This article was originally published on Psychology Today on February 28, 2019.
Psychology survival tips to help you navigate extreme events.
First I heard a twig crack. Then what sounded like gunshots erupted all around me. Out of nowhere, several armed rebels propelled down the 6-foot embankment on my left. I sprinted toward an opening in the trail ahead as my body kicked into flight mode.
A few years ago, I was asked to attend a mountaintop base camp where an international humanitarian aid organization was training new recruits. They asked me to provide trauma training and psychological support during their crisis simulations. But when the training took an unexpected turn, what I experienced taught me a few helpful tactics for survival that can be employed in fight-or-flight situations.
While preparing for new recruits, the staff decided to run some of their more experienced team members through a fake hostage simulation to make sure it was ready. Since I was already there, I volunteered to play the part of a hostage in the role play.
The staff playing the part of hostage takers set out into the rugged hillside to prepare the ambush while the rest of us waded deeper into the wilderness.
About 40 minutes into our hike, I suddenly found myself in the middle of an ambush. I bolted as soon as I realized what was happening, running toward an opening in the brush alongside a small creek. Just as I hit what I thought was my way out, another hostage taker sprung up from behind fallen trees and blocked my path, waving a fake weapon at me. With all my attention on the danger in front of me, I didn’t realize I had been surrounded. With fake weapons aimed at me, they ordered me to the ground and forced a gunnysack over my head.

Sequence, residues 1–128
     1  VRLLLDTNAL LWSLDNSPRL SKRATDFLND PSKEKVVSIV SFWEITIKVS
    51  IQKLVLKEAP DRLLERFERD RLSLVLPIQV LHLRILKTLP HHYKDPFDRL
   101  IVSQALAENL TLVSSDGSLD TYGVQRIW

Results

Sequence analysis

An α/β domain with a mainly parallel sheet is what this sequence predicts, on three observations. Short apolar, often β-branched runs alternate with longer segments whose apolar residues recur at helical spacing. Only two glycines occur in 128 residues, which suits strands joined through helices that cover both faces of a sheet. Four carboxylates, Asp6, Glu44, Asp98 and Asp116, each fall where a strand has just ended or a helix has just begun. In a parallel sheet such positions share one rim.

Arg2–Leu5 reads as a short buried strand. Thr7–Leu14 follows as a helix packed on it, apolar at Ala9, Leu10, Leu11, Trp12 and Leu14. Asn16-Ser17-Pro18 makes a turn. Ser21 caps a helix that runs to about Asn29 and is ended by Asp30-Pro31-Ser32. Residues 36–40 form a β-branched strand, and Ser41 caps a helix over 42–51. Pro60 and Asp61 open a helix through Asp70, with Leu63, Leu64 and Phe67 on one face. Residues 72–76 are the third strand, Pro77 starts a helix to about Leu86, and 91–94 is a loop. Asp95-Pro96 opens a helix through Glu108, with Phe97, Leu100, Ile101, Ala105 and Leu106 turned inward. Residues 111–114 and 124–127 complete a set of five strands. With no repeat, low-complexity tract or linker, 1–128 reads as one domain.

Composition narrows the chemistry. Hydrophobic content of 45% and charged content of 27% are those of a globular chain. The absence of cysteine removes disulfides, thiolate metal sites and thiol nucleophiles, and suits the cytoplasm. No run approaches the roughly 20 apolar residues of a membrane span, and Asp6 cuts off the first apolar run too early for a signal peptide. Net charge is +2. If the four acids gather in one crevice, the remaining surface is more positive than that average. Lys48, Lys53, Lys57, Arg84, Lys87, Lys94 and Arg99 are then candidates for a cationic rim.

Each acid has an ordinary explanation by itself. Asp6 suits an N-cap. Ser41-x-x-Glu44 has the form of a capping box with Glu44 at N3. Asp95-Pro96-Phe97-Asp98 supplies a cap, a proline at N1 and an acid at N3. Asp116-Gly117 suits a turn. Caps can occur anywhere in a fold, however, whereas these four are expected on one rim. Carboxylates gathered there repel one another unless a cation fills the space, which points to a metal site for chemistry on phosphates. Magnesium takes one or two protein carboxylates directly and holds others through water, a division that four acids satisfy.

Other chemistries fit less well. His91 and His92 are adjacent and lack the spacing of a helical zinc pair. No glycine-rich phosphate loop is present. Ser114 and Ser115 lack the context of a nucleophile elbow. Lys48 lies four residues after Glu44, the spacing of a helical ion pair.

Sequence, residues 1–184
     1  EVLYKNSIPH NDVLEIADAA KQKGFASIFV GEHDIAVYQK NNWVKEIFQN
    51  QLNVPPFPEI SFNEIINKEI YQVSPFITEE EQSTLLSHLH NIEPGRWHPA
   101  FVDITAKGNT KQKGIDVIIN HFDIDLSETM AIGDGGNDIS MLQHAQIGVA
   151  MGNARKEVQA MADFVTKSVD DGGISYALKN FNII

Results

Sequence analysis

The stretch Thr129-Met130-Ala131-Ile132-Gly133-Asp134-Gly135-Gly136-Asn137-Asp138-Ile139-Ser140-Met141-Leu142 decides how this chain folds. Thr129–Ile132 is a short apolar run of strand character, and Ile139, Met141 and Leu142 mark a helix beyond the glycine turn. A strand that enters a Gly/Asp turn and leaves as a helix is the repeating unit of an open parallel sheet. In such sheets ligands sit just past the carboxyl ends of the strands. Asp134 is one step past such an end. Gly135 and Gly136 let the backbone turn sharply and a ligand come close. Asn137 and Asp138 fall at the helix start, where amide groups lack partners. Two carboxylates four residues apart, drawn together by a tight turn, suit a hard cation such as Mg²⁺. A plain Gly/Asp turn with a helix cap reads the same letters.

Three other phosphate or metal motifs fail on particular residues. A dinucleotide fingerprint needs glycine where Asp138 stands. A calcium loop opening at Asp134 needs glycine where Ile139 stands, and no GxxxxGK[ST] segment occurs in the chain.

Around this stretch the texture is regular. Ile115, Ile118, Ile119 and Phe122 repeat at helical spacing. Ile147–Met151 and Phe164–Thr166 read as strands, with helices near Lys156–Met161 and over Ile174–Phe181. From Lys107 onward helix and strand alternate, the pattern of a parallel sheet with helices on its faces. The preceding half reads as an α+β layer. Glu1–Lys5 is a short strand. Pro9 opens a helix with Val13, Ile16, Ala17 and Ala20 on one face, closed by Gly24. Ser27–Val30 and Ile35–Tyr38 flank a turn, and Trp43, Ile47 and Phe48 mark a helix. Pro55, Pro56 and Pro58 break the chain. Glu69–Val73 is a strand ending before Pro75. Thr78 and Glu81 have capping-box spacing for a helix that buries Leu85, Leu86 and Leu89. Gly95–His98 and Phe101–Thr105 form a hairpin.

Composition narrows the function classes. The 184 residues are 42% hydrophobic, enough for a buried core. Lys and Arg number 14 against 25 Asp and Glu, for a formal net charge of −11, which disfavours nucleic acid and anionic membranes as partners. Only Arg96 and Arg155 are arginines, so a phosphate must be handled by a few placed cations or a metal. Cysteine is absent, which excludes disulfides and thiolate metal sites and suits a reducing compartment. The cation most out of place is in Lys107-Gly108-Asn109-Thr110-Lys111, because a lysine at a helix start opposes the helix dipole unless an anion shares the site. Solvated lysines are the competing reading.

I felt my body start to instinctually shift from flight to fight mode. Then, to my surprise, the hostage training I had received some six years earlier, while working as a crisis therapist in a maximum-security correctional facility, kicked in.
I started taking deep, gulping breaths.
With each rush of air, I started to regain my bearings. As I started to take control of my fight or flight response, I stopped judging the thoughts still racing through my mind. I did my best to just let them be, and focus instead on what was going on around me and within me.
After about 10 minutes of darkness, they finally removed the sack from my head. Blinded by the sudden sunlight, my eyes struggled to adjust. Despite my disorientation and blurry vision, I could tell from their nonverbal communication that they were looking for U.S. dollars.
“If I give them the cash then they’ll have no reason to keep us alive,” I thought to myself.
I continued to take deep breaths. I now noticed the rebels I’d heard in the background starting to distance. I decided that if they were going to kidnap us, they would have focused on moving us to another location, not search us out in the open. I motioned to the rebels where I had tucked away my money in my backpack.
Next thing I knew, the gunnysack was back on my head. Within minutes the trail went silent. Then I heard my colleague whisper. We decided to wait a few more minutes before trying to get free, just in case the rebels were still watching.
The whole ordeal was over less than 30 minutes after I first heard that twig crack. But in that short period of time, my fight or flight response kicked in, and I ran right into a trap. After being taken hostage, adrenaline coursing, I foolishly tried to hold my ground against the rebels. This only angered them and made the situation worse.
It was becoming aware that I wasn’t in control of my body and taking deep breaths to help regain that control, that helped calm my fight or flight response. Allowing myself to recognize my thoughts rather than judging them eventually allowed me to gain even more control over my body.
Instead of focusing on all the yelling and noise, I zoned in on what I wasn’t hearing. Noticing what was missing helped me realize the situation was actually deescalating. I decided to stay still, wait it out, and hope for the best.
My hope is that if you ever encounter such an intense situation, it will just be a role play for you, too. But in the event that it’s not, remember to be aware of your fight or flight response, use deep breathing to gain control over your body, and be mindful of what is happening around you. These steps can’t guarantee everything will be all right, but they will give you a fighting chance at survival.
For more on the psychology of survival, see my previous blog post on Wired for Survival.